Not really surprising the increase of websites opening (page load times) were decreased dramatically web page loading waiting time fall down 2 to 2.5 times, so the moral of story for me is always when possible from now on to use SSD in order to have superb websites opening times.

To sum it up what was achieved with moving my data into SSD Drive, before moving websites and SQL data to SSD drive the websites were opening for 6 to 10 seconds now sites open in 2 to 4.5 seconds which is below 5 seconds (the normal waiting time for a user to see your website).
By the way it should be not a news forfor people that are into Search Engine Optimization but might be for some of unexperienced new Admins and Webmasters that, all that all page opening times that  exceeds 5 secs is considered to be a slow website (and therefore perhaps not worthy to read).
The high load page times >5 secs makes the website also less interesting not only for end users but also for search engines (Google / Yahoo / Bing / Baidoo etc.) will is said to crawl it less if website is slow.
Search Engines are said to Index much better and crawl more frequently into more responsive websites.
Hence implementing SSD to a server and decreasing the page load time should bring up my visitors stats a bit too.

Well that's all for today, hope you enjoyed 🙂

Howto Fix “sysstat Cannot open /var/log/sysstat/sa no such file or directory” on Debian / Ubuntu Linux

Monday, February 15th, 2016

sysstast-no-such-file-or-directory-fix-Debian-Ubuntu-Linux-howto
I really love sysstat and as a console maniac I tend to install it on every server however by default there is some <b>sysstat</b> tuning once installed to make it work, for those unfamiliar with <i>sysstat</i> I warmly recommend to check, it here is in short the package description:<br /><br />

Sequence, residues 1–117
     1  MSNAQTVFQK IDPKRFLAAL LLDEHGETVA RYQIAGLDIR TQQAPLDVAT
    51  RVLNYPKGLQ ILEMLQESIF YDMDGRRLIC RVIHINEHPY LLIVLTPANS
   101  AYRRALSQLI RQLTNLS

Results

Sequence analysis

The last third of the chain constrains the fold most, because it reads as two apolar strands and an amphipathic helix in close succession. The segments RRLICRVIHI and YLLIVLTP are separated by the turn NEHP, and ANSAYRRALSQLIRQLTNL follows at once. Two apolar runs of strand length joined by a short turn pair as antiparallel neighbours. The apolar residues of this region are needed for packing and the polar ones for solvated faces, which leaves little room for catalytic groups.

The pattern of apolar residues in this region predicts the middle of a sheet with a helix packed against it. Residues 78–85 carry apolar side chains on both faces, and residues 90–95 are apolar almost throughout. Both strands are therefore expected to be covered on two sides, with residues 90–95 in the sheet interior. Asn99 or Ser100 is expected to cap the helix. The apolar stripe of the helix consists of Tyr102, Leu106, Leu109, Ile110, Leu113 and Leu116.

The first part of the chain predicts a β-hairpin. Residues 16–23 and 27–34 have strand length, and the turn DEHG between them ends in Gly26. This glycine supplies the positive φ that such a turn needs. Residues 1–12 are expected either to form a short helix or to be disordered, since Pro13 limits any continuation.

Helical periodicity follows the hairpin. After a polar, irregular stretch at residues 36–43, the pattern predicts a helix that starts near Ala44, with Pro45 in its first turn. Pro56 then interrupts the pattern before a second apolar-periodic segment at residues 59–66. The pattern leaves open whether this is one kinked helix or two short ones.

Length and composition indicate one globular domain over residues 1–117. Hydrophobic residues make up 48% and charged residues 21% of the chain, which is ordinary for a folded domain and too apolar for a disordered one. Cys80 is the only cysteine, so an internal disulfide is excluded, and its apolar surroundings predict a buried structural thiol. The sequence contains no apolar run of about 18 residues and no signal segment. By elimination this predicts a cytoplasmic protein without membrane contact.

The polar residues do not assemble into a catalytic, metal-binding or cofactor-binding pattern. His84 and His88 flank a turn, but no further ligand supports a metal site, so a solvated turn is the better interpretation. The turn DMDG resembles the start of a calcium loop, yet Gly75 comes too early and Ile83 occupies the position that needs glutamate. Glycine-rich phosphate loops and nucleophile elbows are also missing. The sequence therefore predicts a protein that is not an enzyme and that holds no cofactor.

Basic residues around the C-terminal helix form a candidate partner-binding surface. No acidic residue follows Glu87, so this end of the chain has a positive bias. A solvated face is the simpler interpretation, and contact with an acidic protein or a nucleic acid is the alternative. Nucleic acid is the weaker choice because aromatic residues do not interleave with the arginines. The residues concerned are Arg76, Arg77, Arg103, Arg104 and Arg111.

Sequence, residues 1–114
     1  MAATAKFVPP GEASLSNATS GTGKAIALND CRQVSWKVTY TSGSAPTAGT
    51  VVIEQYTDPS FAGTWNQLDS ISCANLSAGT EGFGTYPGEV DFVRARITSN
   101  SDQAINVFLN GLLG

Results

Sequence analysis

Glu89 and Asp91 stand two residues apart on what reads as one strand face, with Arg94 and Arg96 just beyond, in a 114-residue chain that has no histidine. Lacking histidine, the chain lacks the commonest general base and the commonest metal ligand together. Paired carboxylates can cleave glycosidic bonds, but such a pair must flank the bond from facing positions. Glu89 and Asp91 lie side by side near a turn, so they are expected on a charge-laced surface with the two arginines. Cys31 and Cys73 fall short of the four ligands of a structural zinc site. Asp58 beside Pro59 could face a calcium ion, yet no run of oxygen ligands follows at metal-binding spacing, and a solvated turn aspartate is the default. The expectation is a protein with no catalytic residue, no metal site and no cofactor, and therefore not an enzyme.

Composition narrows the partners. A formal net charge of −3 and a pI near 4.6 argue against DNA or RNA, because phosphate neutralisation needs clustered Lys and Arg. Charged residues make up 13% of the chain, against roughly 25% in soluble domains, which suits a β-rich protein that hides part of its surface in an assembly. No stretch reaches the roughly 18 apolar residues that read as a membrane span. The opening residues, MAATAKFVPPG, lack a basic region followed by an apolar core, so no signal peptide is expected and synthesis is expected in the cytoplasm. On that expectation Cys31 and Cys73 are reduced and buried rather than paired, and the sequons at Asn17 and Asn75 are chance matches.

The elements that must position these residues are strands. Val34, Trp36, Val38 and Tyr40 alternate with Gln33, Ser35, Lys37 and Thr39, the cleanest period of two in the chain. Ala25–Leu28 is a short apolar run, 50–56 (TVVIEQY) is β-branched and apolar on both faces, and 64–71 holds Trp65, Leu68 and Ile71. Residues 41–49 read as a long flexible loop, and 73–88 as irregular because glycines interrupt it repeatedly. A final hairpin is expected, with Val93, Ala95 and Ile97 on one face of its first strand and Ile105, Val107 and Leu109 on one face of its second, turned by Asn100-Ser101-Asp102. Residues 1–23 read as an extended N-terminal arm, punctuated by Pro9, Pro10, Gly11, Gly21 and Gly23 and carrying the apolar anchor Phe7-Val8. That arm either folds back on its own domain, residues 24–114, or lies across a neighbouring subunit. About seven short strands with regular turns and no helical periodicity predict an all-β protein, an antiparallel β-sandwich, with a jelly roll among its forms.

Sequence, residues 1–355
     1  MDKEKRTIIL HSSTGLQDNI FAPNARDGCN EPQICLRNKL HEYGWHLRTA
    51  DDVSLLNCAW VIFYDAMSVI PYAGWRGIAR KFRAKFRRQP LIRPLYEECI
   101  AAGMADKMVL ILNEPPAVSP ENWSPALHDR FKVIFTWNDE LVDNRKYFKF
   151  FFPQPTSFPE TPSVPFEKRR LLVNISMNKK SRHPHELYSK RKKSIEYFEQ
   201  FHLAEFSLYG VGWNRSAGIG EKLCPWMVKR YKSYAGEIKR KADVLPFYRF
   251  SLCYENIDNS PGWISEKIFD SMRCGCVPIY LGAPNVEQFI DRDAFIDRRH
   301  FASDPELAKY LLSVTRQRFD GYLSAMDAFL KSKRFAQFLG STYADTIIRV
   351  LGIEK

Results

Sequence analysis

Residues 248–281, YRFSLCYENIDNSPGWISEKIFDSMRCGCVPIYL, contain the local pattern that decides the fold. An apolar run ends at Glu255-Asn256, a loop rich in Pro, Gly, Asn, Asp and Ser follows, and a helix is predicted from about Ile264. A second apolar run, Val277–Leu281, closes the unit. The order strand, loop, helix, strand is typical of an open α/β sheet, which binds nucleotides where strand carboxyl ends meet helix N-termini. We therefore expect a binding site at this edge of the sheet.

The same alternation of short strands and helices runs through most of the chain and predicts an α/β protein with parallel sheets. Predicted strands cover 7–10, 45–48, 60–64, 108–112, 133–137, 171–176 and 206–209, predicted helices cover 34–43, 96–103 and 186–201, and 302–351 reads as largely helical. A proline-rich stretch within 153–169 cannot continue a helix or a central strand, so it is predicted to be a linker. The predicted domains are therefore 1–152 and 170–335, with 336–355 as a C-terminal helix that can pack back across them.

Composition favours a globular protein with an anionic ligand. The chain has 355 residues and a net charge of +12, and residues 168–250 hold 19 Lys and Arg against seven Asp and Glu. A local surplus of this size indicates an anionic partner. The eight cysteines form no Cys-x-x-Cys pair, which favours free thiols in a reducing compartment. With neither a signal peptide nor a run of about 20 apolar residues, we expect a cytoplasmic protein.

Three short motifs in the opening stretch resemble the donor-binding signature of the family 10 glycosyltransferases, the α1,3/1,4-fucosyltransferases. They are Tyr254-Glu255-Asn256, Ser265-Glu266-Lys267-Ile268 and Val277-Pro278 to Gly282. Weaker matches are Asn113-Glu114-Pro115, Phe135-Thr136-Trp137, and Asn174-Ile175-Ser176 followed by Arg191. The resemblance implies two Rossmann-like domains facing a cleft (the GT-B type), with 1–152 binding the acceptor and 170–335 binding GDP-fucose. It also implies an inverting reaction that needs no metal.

server:~# apt-cache show sysstat|grep -i desc -A 15
Description: system performance tools for Linux
 The sysstat package contains the following system performance tools:
  – sar: collects and reports system activity information;
  – iostat: reports CPU utilization and disk I/O statistics;
  – mpstat: reports global and per-processor statistics;
  – pidstat: reports statistics for Linux tasks (processes);
  – sadf: displays data collected by sar in various formats;
  – nfsiostat: reports I/O statistics for network filesystems;
  – cifsiostat: reports I/O statistics for CIFS filesystems.
 .
 The statistics reported by sar deal with I/O transfer rates,
 paging activity, process-related activities, interrupts,
 network activity, memory and swap space utilization, CPU
 utilization, kernel activities and TTY statistics, among
 others. Both UP and SMP machines are fully supported.
Homepage: http://pagesperso-orange.fr/sebastien.godard/

 

If you happen to install sysstat on a Debian / Ubuntu server with:

server:~# apt-get install –yes sysstat


, and you try to get some statistics with sar command but you get some ugly error output from:

 

server:~# sar Cannot open /var/log/sysstat/sa20: No such file or directory


And you wonder how to resolve it and to be able to have the server log in text databases periodically the nice sar stats load avarages – %idle, %iowait, %system, %nice, %user, then to FIX that Cannot open /var/log/sysstat/sa20: No such file or directory

You need to:

server:~# vim /etc/default/sysstat


By Default value you will find out sysstat stats it is disabled, e.g.:

ENABLED="false"

Switch the value to "true"

ENABLED="true"


Then restart sysstat init script with:

server:~# /etc/init.d/sysstat restart

However for those who prefer to do things from menu Ncurses interfaces and are not familiar with Vi Improved, the easiest way is to run dpkg reconfigure of the sysstat:

server:~# dpkg –reconfigure


sysstat-reconfigure-on-gnu-linux

 

root@server:/# sar
Linux 2.6.32-5-amd64 (pcfreak) 15.02.2016 _x86_64_ (2 CPU)